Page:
Objectives The aim of this study was to examine the willingness of men who have sex with men (MSM) to change their behaviours to potentially reduce the risk of pharyngeal gonorrhoea transmission and acquisition.
Methods A cross-sectional questionnaire-based study was conducted among MSM attending the Melbourne Sexual Health Centre, Australia, between March and September 2015. Participants were asked how likely they would change their behaviours to reduce the risk of pharyngeal gonorrhoea. Six different potential preventive interventions were asked: (1) stop tongue kissing; (2) stop having receptive oral sex; (3) stop performing rimming; (4) stop using saliva as a lubricant during anal sex; (5) use of condoms during oral sex; and (6) use of alcohol-containing mouthwash daily.
Results Of the 926 MSM who completed the questionnaire, 65.4% (95% CI 62.3% to 68.5%) expressed they were likely to use mouthwash daily to reduce the risk of pharyngeal gonorrhoea, 63.0% (95% CI 59.8% to 66.1%) would stop using saliva as a lubricant, and 49.5% (95% CI 46.2% to 52.7%) would stop rimming. In contrast, 77.6% (95% CI 74.8% to 80.3%) of MSM expressed they were unlikely to stop tongue kissing. MSM who were younger and had less male partners expressed they were unlikely to use mouthwash daily as an intervention to reduce risk of pharyngeal gonorrhoea acquisition.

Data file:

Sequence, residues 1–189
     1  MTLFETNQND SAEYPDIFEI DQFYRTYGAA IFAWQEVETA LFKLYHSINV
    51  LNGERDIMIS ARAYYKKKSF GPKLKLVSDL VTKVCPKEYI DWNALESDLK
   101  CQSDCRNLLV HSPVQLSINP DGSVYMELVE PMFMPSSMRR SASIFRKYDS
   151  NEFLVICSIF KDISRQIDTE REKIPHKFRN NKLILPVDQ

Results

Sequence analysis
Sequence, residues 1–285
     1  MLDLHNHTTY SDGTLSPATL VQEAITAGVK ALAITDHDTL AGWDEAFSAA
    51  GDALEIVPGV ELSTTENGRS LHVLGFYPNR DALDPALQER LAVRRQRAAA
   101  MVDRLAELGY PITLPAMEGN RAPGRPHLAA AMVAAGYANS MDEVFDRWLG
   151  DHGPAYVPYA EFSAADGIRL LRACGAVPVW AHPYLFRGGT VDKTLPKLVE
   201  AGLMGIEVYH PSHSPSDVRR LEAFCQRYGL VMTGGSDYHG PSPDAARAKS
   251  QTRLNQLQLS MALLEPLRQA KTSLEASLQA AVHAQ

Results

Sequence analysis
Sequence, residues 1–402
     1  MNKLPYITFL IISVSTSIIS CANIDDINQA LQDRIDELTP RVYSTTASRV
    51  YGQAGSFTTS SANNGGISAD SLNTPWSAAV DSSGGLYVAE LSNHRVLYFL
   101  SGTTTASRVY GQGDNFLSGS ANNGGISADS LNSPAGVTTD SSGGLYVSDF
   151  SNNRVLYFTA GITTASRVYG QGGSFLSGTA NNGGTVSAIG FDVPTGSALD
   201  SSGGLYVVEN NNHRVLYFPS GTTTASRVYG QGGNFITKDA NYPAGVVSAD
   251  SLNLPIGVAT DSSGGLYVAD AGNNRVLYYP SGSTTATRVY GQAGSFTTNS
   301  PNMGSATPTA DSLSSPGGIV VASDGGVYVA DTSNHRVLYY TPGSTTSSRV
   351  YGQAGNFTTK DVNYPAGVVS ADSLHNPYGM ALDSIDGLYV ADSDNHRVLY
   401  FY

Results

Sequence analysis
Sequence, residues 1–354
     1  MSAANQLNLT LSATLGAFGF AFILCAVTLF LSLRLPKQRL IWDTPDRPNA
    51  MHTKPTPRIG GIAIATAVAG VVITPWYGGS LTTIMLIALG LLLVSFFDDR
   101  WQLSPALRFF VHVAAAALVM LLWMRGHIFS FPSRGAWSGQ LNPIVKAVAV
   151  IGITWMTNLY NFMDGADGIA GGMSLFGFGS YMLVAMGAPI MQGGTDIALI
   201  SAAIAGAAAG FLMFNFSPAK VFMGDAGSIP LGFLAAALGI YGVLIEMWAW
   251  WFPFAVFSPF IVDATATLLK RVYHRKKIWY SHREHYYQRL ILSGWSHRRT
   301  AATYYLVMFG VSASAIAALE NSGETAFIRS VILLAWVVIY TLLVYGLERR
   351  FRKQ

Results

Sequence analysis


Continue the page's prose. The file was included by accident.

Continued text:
Conclusions The practices MSM are willing to change to reduce the risk of pharyngeal gonorrhoea transmission and acquisition vary greatly; however, the majority of men are likely to use mouthwash daily to reduce the risk of pharyngeal gonorrhoea.
- Men who have sex with men
- harm reduction
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